25% Cusomters Will Plan To Shopping After Crisis

- Apr 21, 2020-

Concerns over US consumer spending post-crisis

Just 4.5% of US consumers say they will have both the ability and confidence to spent on retail goods once lockdown and stay at home orders are lifted, compared to their spending before the crisis began.

By comparison, 22.5% say they will have neither the ability to spend nor the confidence to do so.

In total, only 15.9% say they are confident about spending, with 35.5% neutral and 48.6% unconfident. Just 21.2% say they will be able to spend more, 37.2% the same and 41.6% less.

Source: GlobalData

Retail footfall slumps to record low

Retail footfall experienced a record decline of 44.7% year on year in March as the mandatory lockdown hit shops hard.

In the three weeks prior to the lockdown on 23 March footfall was down an average of 17.7%, while in the two weeks after it fell by an average of 83.2%.

Footfall to high streets was down 41.8% year on year and shopping centres 43.6%. By comparison, retail parks fared a little better because they have more open spaces and a higher proportion of supermarkets, with footfall down 23.5%.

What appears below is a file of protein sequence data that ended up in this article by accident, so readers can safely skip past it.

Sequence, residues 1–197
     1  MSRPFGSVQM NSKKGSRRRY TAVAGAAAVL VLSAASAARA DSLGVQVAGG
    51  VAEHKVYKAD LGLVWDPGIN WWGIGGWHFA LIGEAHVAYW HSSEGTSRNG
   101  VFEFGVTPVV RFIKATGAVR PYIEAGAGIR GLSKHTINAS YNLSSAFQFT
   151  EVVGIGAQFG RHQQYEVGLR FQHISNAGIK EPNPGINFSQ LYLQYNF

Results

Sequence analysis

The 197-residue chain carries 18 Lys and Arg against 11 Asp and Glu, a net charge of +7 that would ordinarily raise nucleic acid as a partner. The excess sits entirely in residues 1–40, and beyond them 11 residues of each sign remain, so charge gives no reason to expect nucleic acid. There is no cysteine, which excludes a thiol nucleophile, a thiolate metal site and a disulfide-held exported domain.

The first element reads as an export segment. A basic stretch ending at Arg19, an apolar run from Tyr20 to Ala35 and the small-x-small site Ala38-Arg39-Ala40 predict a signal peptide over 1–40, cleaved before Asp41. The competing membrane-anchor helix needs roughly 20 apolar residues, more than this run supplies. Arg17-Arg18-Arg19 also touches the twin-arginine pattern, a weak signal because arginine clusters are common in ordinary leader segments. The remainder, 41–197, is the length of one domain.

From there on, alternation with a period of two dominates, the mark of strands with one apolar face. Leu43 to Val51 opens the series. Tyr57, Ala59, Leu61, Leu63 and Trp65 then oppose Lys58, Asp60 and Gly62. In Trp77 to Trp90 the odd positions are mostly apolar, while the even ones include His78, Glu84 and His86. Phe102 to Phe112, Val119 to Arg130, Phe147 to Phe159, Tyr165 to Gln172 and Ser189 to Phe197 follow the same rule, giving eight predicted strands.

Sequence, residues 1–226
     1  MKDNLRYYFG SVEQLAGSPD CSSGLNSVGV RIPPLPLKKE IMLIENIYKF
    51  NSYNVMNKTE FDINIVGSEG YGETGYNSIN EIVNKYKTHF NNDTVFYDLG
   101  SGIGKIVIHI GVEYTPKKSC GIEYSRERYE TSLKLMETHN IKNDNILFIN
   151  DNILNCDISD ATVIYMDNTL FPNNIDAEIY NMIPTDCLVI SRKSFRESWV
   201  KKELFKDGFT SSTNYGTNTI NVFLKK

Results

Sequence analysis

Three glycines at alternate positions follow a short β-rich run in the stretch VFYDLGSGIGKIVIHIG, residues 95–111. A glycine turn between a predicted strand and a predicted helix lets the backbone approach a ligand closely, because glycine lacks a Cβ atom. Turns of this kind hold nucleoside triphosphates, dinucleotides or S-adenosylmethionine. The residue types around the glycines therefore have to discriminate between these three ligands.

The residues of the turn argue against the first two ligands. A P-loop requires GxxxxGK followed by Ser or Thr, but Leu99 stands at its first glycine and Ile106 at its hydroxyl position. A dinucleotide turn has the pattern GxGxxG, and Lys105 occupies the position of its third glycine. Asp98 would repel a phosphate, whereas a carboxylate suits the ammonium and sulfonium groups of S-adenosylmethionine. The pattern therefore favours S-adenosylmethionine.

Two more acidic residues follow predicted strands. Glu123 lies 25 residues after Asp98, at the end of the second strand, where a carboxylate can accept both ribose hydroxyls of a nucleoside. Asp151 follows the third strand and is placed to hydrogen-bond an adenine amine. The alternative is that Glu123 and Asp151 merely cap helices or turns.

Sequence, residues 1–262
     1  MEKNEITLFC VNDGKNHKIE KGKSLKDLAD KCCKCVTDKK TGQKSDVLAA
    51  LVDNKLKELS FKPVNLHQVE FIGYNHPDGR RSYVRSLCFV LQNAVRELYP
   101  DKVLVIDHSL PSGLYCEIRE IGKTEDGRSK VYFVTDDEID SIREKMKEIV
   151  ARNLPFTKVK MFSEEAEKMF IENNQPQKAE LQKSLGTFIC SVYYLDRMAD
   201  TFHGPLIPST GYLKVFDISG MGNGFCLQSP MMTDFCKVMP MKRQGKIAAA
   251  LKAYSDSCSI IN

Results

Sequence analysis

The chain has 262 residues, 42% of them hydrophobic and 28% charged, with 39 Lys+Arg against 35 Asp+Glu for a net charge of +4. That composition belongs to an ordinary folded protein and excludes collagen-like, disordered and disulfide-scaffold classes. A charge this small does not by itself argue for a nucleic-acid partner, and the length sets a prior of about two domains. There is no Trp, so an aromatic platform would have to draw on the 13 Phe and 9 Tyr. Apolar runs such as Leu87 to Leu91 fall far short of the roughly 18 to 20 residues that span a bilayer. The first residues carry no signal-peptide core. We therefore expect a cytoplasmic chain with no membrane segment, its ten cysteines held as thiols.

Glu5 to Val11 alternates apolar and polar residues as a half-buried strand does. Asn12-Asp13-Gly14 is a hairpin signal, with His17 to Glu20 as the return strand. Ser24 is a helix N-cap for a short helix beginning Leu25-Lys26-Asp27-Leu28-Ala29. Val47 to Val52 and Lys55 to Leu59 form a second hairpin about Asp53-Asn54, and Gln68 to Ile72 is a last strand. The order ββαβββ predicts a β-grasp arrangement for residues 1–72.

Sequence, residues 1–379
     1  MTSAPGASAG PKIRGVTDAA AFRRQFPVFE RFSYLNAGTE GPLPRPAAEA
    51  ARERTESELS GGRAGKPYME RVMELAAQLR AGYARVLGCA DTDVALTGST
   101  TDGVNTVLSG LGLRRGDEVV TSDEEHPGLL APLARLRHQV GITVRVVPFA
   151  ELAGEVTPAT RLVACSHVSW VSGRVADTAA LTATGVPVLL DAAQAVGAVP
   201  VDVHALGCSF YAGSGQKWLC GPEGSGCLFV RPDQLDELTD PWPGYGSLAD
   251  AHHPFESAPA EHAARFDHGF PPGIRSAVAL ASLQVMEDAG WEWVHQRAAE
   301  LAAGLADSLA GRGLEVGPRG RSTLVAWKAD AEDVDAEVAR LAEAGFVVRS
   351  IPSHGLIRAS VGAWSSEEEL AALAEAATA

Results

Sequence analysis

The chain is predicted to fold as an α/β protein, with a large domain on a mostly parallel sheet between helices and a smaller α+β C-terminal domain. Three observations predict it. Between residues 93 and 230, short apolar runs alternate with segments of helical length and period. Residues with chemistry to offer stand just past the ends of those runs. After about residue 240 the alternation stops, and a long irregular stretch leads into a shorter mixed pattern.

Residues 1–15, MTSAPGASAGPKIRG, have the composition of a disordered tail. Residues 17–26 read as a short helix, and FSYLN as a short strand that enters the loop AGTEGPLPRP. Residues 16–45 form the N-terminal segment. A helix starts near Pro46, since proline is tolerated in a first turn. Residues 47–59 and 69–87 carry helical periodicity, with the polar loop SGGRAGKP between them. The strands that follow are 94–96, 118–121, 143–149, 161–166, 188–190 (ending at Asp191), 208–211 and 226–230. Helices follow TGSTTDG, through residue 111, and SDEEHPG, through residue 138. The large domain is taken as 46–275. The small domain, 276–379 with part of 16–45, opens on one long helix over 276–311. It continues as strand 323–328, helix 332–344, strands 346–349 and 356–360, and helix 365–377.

Source: British Retail Consortium & ShopperTrak

Easter sales slump amid Covid-19 pandemic

UK shoppers spent £160m less in supermarkets this Easter compared to 2019, despite sales rising by 8.9% compared to the same period last year.

Nevertheless, shoppers still celebrate the bank holiday weekend with sales of bulbs and seeds up 128%. There was also a significant increase in sales of beers, wines and spirits – up 29%.

Shoppers also continue to stock up on essentials, with frozen food sales up 32% and ambient grocers 27%. Consumers also looked to treat themselves, with impulse purchases up 18%.

Source: Nielsen

Almost two-thirds of coronavirus content ‘is brand safe’

Around 64% of online content related to the coronavirus outbreak is brand safe, despite many brands putting in place blanket blocks on keyworks such as ‘Covid-19’, ‘coronavirus’, ‘pandemic’ and ‘quarantine’.

In the first two weeks of April, around 1.84 million unique coronavirus-related pages were created. On average, around 86,000 a day are considered brand safe, while 46,000 are ‘unsafe’.

Business and finance has the highest number and proportion of brand safe content, with around 125,000 brand safe pages versus around 60,000 that are unsafe. Around 120,000 pages related to events and attractions are safe and just 20,000 unsafe.

However, in news and politics while 115,000 pages were found to be safe, around 125,000 were deemed unsafe.

Source: GumGum